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How to Make Lutenitza

March 16th, 2013

lutenitza-jar.jpgLutenitza is a traditional Bulgarian relish that is often used as a spread with bread or toast, and may also be used as an accompaniment to foods such as grilled meats, meatballs, or even chips (fried potatoes). Variations of lutenitza, including ajvar and pindjur, are popular in the Balkan countries of Serbia and Macedonia. Traditionally lutenitza is prepared and stored in jars as a way of preserving surplus vegetables during the winter.

I first discovered lutenitza while browsing through the international foods section of our local Big Lots store. After noticing that it was made in Bulgaria and included ingredients that were similar to vegetables that I was already growing in the garden, I decided to give it a try. Although it is essentially a combination of vegetables (typically red bell peppers, tomatoes, eggplants, and occasionally carrots) minced and mixed together, lutenitza has a distinctive taste derived from the grilling or roasting technique used to cook the vegetables and facilitate removal of their skins. Salt and sugar are usually added to enhance the overall flavor.

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Humorous Examples of Ignorance in America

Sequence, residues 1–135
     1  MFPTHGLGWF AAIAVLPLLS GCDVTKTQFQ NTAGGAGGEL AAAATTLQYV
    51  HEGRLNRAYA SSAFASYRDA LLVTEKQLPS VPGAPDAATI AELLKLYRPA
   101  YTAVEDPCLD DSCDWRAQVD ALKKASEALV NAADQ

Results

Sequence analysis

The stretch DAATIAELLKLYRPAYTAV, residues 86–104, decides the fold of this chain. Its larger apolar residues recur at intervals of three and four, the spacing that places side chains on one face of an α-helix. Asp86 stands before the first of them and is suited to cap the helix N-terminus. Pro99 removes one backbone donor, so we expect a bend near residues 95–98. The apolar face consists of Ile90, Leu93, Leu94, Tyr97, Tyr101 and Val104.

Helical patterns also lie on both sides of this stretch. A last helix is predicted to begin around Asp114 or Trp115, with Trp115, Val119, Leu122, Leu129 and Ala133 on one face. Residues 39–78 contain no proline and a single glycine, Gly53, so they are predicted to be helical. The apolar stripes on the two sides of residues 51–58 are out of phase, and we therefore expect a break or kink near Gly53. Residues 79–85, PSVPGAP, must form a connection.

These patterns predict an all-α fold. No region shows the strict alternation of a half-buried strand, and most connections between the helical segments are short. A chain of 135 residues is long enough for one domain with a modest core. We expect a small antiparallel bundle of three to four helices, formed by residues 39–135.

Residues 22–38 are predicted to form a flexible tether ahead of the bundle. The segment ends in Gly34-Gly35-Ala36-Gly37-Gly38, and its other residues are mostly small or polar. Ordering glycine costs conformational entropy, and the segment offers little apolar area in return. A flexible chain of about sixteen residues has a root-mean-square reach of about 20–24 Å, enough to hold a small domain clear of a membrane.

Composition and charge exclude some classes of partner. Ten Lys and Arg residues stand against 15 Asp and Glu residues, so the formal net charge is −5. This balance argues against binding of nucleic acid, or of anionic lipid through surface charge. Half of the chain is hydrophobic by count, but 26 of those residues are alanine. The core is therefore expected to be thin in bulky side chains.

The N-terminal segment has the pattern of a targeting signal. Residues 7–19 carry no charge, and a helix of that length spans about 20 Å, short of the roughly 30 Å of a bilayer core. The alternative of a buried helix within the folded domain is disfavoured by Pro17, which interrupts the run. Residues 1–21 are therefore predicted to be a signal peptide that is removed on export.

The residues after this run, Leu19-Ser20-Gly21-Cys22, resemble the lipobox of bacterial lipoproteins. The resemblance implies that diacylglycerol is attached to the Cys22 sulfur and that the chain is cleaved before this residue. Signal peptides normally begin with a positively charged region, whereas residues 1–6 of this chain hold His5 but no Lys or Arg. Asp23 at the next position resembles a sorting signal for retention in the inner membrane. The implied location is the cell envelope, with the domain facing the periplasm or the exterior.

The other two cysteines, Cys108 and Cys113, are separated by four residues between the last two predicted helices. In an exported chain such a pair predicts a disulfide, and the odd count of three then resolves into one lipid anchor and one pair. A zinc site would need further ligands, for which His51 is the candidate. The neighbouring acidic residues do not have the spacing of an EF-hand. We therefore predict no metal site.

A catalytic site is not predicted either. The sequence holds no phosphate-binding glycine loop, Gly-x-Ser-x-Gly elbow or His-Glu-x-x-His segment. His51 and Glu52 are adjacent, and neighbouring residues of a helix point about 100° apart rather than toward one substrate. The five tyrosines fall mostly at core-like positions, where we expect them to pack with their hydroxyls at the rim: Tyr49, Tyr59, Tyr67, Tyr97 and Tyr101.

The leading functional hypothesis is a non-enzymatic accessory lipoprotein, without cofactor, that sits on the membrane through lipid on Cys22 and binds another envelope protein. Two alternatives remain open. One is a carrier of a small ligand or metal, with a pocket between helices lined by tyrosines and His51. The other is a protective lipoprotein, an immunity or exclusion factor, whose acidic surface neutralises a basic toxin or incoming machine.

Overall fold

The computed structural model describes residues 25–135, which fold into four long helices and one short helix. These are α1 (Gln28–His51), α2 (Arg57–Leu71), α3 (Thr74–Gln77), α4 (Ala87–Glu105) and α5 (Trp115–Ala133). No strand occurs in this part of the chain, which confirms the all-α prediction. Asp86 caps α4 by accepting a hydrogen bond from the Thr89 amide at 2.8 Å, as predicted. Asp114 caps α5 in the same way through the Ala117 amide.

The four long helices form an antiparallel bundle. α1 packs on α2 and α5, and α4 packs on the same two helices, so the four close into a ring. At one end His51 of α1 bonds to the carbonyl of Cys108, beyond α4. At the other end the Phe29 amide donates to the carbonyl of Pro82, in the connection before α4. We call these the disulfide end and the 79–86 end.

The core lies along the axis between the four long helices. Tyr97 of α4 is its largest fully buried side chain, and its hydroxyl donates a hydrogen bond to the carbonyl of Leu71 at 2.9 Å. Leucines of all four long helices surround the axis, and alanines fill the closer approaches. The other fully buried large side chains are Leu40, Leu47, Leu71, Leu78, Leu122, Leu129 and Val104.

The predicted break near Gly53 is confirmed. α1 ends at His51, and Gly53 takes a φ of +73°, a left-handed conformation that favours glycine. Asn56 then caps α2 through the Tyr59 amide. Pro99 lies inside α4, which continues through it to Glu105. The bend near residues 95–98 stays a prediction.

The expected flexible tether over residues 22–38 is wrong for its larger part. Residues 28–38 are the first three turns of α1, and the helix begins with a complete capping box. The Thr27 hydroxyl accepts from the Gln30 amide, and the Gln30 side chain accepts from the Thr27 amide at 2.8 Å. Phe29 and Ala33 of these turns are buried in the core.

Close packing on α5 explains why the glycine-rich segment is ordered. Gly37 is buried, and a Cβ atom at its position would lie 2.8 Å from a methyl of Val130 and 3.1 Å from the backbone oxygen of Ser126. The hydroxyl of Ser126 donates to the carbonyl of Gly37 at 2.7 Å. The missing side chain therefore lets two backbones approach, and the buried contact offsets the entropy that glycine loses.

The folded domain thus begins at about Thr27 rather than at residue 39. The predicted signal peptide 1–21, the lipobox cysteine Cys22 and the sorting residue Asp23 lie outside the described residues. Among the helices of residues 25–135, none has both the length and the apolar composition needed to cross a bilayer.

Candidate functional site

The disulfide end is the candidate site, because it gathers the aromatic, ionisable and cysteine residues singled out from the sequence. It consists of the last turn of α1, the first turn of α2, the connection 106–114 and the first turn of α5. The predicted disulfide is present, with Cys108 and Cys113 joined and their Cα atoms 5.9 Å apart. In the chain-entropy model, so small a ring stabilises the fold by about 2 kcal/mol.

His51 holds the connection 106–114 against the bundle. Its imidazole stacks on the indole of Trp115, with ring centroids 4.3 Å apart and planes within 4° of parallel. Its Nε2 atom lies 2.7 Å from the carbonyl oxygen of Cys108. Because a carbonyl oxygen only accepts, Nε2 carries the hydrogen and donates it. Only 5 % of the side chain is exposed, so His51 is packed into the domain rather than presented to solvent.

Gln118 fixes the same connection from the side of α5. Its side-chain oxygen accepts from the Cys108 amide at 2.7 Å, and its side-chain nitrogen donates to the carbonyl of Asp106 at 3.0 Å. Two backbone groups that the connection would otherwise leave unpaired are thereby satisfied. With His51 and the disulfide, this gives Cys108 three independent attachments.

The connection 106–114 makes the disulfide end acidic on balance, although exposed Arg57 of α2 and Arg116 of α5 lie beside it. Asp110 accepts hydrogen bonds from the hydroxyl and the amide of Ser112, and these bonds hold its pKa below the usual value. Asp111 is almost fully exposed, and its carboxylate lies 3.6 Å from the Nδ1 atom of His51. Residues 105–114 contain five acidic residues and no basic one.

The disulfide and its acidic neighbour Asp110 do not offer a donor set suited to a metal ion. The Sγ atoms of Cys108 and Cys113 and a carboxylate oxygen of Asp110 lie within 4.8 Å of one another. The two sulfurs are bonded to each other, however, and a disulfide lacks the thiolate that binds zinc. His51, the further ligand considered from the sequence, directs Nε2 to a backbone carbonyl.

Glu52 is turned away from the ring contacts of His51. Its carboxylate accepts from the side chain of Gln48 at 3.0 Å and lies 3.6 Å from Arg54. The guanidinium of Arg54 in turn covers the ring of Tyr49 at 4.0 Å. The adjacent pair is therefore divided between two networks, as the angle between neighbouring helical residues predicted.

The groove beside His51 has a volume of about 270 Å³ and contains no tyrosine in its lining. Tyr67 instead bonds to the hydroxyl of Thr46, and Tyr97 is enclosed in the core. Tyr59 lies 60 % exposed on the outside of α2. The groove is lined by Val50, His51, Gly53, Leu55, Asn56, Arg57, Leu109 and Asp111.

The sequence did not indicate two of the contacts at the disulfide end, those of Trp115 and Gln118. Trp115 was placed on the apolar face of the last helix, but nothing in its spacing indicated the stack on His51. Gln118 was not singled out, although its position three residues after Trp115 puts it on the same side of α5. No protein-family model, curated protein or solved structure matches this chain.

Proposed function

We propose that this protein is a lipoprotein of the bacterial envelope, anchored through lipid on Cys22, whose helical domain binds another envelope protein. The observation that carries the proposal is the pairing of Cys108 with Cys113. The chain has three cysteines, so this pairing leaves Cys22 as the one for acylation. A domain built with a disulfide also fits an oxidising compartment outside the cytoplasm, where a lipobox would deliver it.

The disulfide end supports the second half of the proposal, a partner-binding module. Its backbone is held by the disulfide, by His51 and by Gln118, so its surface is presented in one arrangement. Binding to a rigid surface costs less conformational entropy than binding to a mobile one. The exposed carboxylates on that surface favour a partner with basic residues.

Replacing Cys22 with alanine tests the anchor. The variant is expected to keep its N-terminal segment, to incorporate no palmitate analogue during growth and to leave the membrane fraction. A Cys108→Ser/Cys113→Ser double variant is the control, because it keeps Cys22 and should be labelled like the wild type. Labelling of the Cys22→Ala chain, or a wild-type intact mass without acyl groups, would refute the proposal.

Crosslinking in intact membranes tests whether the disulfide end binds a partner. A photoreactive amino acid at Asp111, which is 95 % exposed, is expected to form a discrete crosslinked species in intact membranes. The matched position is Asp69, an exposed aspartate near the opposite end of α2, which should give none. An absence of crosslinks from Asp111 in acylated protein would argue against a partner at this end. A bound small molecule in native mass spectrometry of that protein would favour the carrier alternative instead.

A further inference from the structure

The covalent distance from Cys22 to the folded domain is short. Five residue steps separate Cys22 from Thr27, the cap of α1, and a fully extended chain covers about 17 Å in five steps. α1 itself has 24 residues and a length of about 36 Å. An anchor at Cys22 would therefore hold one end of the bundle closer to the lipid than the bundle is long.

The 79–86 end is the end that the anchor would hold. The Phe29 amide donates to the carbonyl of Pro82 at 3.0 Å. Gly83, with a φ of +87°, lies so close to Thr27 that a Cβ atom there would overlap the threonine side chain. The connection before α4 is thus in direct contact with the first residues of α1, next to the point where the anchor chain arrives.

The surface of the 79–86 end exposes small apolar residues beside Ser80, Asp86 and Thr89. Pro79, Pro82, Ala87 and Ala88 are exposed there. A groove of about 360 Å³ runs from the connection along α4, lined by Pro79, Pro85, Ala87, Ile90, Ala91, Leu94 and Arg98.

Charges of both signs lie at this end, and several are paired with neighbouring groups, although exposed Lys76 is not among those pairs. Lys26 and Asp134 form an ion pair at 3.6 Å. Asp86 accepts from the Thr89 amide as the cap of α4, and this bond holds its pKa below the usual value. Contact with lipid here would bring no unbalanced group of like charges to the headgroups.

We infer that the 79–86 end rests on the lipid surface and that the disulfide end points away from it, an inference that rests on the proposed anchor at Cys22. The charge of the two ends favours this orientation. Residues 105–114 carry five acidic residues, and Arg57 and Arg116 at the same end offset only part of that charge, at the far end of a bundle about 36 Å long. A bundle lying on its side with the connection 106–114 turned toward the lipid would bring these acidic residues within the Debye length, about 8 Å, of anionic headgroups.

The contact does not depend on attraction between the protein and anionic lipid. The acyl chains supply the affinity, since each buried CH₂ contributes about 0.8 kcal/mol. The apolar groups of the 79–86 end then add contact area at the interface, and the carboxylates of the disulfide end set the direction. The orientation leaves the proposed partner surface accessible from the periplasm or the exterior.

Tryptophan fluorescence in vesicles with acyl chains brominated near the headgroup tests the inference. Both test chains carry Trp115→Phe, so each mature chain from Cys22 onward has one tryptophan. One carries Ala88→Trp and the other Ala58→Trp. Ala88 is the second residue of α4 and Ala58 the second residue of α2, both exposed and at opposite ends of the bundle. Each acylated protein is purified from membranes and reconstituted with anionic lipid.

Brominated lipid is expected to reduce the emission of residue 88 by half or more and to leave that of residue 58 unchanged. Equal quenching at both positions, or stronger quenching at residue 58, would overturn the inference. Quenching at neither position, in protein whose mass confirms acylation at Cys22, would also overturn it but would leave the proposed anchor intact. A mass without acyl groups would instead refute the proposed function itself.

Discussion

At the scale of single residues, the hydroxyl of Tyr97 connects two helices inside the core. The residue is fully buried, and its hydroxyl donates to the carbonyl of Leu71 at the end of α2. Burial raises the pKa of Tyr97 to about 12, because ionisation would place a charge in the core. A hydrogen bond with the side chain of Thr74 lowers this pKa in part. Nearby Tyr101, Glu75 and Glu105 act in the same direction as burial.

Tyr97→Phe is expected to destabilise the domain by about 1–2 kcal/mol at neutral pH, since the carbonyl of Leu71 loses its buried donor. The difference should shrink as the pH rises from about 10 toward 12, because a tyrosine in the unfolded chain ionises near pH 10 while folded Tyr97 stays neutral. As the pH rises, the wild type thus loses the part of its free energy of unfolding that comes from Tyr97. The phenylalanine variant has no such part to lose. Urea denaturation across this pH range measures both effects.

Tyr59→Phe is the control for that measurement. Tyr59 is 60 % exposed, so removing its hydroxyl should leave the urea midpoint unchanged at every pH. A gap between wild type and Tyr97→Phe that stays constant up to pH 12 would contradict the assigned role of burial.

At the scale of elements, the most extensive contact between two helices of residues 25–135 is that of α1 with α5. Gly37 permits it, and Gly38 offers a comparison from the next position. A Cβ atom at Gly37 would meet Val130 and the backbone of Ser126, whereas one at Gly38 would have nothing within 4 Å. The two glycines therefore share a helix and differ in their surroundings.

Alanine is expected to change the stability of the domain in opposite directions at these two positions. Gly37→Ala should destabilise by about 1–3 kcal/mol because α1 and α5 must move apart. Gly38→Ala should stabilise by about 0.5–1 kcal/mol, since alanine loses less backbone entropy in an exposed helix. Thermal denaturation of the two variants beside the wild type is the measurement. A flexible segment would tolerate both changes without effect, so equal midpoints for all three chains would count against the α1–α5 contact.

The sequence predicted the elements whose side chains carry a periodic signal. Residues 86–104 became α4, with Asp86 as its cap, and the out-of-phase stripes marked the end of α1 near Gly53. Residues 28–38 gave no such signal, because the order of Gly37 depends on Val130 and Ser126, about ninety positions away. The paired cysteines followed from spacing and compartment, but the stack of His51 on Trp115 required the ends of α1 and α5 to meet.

March 14th, 2013

ignorant-americans.jpgWhen former president George W. Bush asked the question, “Is our children learning?” (Florence, South Carolina, January 11, 2000), somehow I suspected that the status of education in the United States was unlikely to improve over the next few years, and that ignorance in America would continue to flourish. A few days ago I encountered some particularly humorous examples of such ignorance while reading through the Friday Funnies section of the Casey Daily Dispatch (the remainder of the linked article makes for an interesting read as well, although the other subjects addressed are much more serious). Supposedly these questions and answers were from previous student responses to the GED examinations dating back to 2000, although I was unable to track down the primary source for them.

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